Skip to main content

The cukoo's calling - book review


It is Christmas time, joy and ebullience in air everywhere, got some free time and so I finished reading the first ever crime thriller novel written by the Harry Potter creator J.K.Rowling. She wrote this novel under the norm de plume, Robert Galbraith. The book is a massive 550 odd pages one with so many difficult words to consume for non-English speakers like me, I was forced to resort to my dictionary so many times that I lost my count. But it was worth and I liked it despite the tediousness and lousiness it caused by its level of difficulty and sheer bulk.

The book was refreshing as it deviated from the usual crime story style as that of Agatha Christie/Conan Doyle, though I feel the latter styles are very effective ones with lot more takers. Contrasting to the comfortable and flamboyant, Hercule Poirot or the eccentric/manic Mr. Holmes, the sleuth "Cormoran Strike" is devastated, destitute, massive, hairy and rough natured. We are introduced to him when he is just separated from his wife, the beautiful Charlotte, the purpose of that character, I did not understand as many others already pointed out. Interestingly, he did get a beautiful yet efficient and enthusiastic temporary assistant "Robin" (even though she has a decent lover, who at times seems confused whether she has fallen in love with Strike). Robin is oblivious of his troubled past but quite sentient about the present troubles of divorce and bankruptcy glaring at him. Almost at the same time of Robins entry into the scene, lands their first case; a high profile and lucrative case,which happens to be the silver lining for Strike. Besides all these bleak and freak facets of Strike's life, his freakiness is quadrupled by his leg prosthesis: yes, he is a one legged man (ex-military paraplegic) and that leg is aching all the times, during the entire story which I hated and found to be excruciatingly annoying.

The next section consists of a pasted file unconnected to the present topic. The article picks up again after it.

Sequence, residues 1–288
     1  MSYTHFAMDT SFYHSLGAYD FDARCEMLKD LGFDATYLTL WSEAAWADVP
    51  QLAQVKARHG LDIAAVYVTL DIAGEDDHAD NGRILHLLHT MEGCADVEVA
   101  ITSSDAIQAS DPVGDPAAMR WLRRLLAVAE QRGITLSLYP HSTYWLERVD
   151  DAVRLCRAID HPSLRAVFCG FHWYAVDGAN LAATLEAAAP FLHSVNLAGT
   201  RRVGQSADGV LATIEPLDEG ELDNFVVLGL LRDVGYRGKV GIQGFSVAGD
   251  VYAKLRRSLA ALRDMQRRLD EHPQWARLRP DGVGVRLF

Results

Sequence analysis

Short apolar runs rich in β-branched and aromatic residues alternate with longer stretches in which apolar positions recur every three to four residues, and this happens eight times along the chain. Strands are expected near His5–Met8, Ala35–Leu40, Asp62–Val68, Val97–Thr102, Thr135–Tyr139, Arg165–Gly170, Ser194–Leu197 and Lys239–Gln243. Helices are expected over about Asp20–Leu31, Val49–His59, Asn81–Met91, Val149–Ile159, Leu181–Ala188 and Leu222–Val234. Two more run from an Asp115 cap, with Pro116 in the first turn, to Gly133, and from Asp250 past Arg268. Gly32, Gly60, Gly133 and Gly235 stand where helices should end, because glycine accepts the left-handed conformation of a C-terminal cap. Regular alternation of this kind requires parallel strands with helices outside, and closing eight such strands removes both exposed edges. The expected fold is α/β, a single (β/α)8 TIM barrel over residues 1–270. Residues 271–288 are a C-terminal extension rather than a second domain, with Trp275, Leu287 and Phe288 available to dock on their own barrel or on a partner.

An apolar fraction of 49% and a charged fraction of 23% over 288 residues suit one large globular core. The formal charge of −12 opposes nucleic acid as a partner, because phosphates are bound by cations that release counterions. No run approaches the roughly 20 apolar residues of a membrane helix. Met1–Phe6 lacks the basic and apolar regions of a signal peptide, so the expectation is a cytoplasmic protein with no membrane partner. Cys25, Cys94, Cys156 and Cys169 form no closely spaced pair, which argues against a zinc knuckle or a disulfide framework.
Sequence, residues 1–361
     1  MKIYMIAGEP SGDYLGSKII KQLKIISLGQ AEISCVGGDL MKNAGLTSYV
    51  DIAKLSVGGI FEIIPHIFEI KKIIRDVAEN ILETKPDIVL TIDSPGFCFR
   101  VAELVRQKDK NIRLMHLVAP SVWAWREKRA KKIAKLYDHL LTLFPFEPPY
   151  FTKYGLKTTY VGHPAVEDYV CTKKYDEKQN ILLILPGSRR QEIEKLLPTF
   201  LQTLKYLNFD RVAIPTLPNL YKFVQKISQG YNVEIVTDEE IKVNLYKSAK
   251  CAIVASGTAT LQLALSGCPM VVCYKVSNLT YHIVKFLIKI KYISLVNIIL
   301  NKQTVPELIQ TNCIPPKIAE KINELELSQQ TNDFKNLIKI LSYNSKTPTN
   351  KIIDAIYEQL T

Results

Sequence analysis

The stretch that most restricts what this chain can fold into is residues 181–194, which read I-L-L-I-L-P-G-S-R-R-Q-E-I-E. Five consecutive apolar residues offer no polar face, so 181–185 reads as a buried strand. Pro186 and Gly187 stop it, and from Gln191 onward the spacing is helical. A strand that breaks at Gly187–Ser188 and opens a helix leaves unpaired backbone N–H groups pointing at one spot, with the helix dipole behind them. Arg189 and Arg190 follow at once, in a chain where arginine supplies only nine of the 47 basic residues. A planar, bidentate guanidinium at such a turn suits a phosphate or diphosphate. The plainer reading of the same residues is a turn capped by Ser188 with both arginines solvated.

Yeah now the story. No spoilers here. I don't want you not to read the book. The plot revolves around the death of a high flying model starlet " Lula Landry" (affectionately called Cuckoo by some) who is drug inflicted, adopted by a wealthy family and searching for her roots which is African (Yeah, she is black and at the end of the novel, proves to be a very resolute and articulated character, it seems Rowling is not at all racist, Harry Potter series too had black/Indian characters, I particularly loved that fact). Her death was marked as suicide, but her close and near ones don't believe that and hires Strike to unveil the truth behind her death. Amusingly almost the entire bulk of the book, is just conversation, conversation and conversation only. Strike interviews the people connected with Lula preparing notes about the circumstances which prevailed during that awful day of cuckoo's death, scribbling meticulously in his note book and mind mapping. Robin is quite handy when it comes to situations which demands conning as somebody else. She is very bright with several accents and an uncanny ability to blend in. Strike remains productive despite his crippled leg, but laments to his self about his leg troubles all the time. The book is replete with the scenes of high fashion shoots, pubs and stereotypes/idiosyncrasies of high life. The book delves into the difficult lives of celebrities and sympathizes  with the breach of their privacy.